Maple Bladder Galls

Maple Bladder Galls—“Freckles” on the Leaves
By Kathleen Cue, Nebraska Extension Horticulture Educator

 If you have a sliver or red maple tree, you’ve most likely noticed small raised bumps on the leaves.  Tree owners will call them “freckles”, “measles” and sometimes even “zits”.  Whatever they are called, maple bladder galls are caused by a very tiny mite.  The galls themselves are made up of plant tissue and are a part of the leaf.  Maple bladder gall mites live, eat and mate inside the galls and are well-protected from any application of a miticide.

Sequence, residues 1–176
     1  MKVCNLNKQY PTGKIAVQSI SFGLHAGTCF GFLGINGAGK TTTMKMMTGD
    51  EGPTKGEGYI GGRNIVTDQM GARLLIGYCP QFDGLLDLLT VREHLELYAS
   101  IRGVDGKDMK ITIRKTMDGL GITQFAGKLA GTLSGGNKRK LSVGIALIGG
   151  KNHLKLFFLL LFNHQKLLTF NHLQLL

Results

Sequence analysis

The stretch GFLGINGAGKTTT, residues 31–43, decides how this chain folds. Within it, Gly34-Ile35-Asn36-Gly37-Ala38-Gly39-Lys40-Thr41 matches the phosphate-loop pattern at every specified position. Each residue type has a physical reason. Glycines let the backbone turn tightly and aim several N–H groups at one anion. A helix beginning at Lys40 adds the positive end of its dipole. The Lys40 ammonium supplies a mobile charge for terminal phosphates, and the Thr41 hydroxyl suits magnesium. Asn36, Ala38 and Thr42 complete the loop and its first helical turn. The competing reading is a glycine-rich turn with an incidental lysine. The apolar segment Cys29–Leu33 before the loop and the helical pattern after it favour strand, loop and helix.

Are the mites harmful to the tree?  Most assuredly they are not.  Occasionally there may be so many galls on one leaf that the weight of the galls themselves will cause the leaf to fall from the tree.  Few leaves will be affected to this extent and leaf loss is inconsequential.

Galls will be a pinkish-red color and, as the season progresses, will turn light green and finally black by season’s end.  While these leaf blemishes may be alarming to tree owners, the bumps are only cosmetic and treatment is not needed.

More information about maple bladder galls from Prudue Extension.

More Horticulture Information on the Dodge County Horticulture Web Page

 Photo Below: Maple Bladder Galls, Photo: L. Miller

Maple Bladder Galls Photo